Please summarize the second topic, Topic II, of a critical article by Thomas Pfau about Wordsworth's Preface to Lyrical Ballads. The Pfau essay is “‘Elementary Feelings’ and ‘Distorted Language’: The Pragmatics of Culture in Wordsworth's ‘Preface to Lyrical Ballads’” (1993).
The essay's main ideas are divided into four topics (I, II, III, IV). I want a summary on just the second topic, Topic II.
I tackled this article but found it too difficult to understand, so I need you to describe and comment Topic II's main claims with as much detail as you can.
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In Section II, Pfau examines Wordsworth's concept of the "essence" of human nature, where that essence is found, and analyzes Wordsworth's use of that concept. As Pfau notes, in Wordsworth's view, essential humanity--loosely translated as the feelings and passions that make us all humans--resides most reliably in
Humble and rustic life . . . the essential passions of the heart find a better soil in which they can attain their maturity, are less under restraint, and speak a plainer and more emphatic language. (Pfau:132)
What troubles Pfau is that this "rustic life," which, in Wordsworth's time, was largely a memory, and its genuine passions "are being promoted to the status of an a priori, paradigmatic cultural value," meaning that Wordsworth puts forth the value of the rustic life as if everyone still aspires to the now-gone rustic life and its passions as a cultural value, a cultural goal. More important, however, is Wordsworth's contention in the same passage that
. . . influxes of feeling are modified and directed by our thoughts, which are indeed the representatives of all our past feelings: . . . feeling therein [that is, in the Lyrical Ballads] . . . gives importance to the action and situation, and not the action and situation to the feeling. (Pfau:132)
In essence, Wordsworth has done two things here that Pfau considers problematic: 1) Wordsworth postulates that humanness is best exemplified by the rustic life, which engenders genuine feeling and passion, and writes as if everyone accepts that premise as a cultural truth; and 2) Wordsworth elevates these "regular feelings" to the level of prime mover in human affairs--that is, actions that we take are influenced by "representatives of all our past feelings." Feelings, then, become more important than logic in the conduct of life, and these feelings and passions, as expressed in poetic discourse, are understood by readers because the feelings are unchanging, authentic, and culturally valuable.
Taking the implications of this argument another step, Pfau considers how feelings, which are inherently individual, can affect a larger culture (and its response to poetry). To Wordsworth--who argues that the rustic's feelings exhibit the "great and simple affections [that is, feelings and passions] of our nature" (Pfau:133)--the feelings and passions he believes inhere in rustic life are, according to Pfau, "inalienable essentialism"--that is, those traits are at the core of humanness and cannot be changed by time or modern life and so they become the vehicle by which poetic discourse travels through time. As the larger group of readers changes over time, if we agree with Wordsworth, the "essentialism" of the rustic is still appealing and understood because it holds the ineradicable core of humanness to which readers respond.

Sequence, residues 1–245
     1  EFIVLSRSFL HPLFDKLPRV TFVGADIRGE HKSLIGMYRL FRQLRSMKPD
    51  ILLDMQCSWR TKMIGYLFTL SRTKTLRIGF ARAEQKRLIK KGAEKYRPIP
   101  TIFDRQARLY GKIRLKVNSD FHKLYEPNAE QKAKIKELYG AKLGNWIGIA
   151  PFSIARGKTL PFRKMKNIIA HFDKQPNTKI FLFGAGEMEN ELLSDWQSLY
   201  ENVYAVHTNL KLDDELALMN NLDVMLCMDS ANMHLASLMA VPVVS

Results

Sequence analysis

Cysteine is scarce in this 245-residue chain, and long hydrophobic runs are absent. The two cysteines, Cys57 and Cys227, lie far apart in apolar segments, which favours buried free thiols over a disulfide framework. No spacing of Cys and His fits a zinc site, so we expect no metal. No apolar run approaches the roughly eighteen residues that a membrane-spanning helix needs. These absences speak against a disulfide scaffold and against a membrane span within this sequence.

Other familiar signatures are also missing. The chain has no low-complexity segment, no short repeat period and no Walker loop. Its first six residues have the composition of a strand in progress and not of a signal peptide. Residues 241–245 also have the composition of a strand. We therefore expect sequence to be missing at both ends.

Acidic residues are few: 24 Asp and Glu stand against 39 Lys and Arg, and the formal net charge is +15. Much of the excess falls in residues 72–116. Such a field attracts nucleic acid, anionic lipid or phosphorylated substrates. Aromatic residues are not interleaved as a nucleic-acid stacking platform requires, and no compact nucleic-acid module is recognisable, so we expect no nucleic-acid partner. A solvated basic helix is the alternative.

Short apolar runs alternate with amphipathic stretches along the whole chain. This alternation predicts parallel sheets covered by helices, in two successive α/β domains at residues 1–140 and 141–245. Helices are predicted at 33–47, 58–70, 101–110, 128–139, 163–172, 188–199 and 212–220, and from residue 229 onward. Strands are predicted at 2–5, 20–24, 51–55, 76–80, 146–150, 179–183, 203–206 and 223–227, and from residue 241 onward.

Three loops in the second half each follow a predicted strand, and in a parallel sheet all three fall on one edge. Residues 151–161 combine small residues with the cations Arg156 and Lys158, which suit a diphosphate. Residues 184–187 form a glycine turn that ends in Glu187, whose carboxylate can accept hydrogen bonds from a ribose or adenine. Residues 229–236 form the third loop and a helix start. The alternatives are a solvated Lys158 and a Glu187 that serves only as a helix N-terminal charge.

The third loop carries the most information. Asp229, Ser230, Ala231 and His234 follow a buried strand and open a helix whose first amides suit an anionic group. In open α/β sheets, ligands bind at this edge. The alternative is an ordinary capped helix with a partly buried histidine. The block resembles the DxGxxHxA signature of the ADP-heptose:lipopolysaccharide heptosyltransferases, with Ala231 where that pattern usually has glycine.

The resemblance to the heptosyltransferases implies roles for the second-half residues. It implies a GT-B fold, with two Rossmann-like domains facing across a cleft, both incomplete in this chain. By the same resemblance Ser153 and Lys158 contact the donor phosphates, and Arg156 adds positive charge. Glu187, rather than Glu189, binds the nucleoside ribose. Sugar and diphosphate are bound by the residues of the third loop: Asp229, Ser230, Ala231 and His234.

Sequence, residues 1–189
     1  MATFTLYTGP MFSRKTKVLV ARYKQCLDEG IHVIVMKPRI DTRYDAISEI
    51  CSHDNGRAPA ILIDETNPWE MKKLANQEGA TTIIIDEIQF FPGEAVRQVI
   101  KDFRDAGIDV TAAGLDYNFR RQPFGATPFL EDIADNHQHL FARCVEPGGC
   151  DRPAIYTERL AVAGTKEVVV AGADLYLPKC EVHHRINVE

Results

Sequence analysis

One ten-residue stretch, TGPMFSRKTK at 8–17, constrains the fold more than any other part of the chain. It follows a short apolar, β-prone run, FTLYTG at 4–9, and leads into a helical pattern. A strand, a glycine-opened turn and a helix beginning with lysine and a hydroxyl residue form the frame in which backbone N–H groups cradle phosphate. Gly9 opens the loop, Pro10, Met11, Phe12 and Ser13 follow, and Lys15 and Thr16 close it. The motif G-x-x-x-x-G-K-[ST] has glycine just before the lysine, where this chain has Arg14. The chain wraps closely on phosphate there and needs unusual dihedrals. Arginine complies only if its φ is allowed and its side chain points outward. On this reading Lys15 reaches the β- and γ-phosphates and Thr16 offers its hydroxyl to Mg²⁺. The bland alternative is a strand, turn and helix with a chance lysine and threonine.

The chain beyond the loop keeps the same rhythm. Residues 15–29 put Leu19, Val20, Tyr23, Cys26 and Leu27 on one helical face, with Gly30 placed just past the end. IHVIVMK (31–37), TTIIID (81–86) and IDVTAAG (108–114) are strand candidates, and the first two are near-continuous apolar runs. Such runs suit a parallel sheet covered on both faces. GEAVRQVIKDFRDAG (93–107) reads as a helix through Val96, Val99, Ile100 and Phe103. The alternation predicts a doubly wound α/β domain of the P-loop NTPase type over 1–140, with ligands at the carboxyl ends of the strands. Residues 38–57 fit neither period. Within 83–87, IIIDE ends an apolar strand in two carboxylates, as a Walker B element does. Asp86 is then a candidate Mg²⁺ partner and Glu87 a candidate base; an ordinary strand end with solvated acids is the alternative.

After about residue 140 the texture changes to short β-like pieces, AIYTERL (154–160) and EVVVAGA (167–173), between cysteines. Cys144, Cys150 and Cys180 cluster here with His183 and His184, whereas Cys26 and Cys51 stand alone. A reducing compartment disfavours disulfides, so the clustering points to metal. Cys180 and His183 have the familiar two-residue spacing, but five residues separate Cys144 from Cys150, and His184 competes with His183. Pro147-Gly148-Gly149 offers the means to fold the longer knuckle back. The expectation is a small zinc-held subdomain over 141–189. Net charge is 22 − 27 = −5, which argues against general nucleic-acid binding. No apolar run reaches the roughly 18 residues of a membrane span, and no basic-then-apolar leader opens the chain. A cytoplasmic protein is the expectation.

The remaining problem, as Pfau sees it, is that Wordsworth continues to struggle against the reality that the rustic life is not universally viewed as the seat of all that is good about humanness. As Pfau notes,
Wordsworth now recontextualizes it [the value of rustic feelings and passions] within a realm of agrarian, 'rustic' past that has proven . . . proverbial of the obscurity and contradictoriness of the Preface and its incompatibility with Lyrical Ballads.
Pfau argues here that Wordsworth's design for the Lyrical Ballads, which was "'a natural delineation of human passions, human characters, and human incidents,'" based on the premise of culturally-edifying rustic life, is "largely nostalgic, if not outright imaginary. . . ." (Pfau:134). The Preface may indeed by obscure and contradict itself in places, but we need to remember that Wordsworth was charting unknown territory here in terms of belief systems and poetic technique, all complicated by his reaction to modernity itself.
Ultimately, though, Pfau concludes that Wordsworth has created a "'founding' allegory (the "other") of a historical consciousness" (Pfau:135) that is attempting to instill in the modern urban reader "a journey of self-re(dis)covery." He refers here to Wordsworth's belief in the recovery of forgotten feelings and passions--as articulated in the rustic life that Wordsworth writes about in Lyrical Ballads--and discovery of the modern reader that he or she is connected directly to the moral and cultural truths embodied in the rustic life which has passed away but cannot be forgotten if poetic discourse is to survive and thrive.
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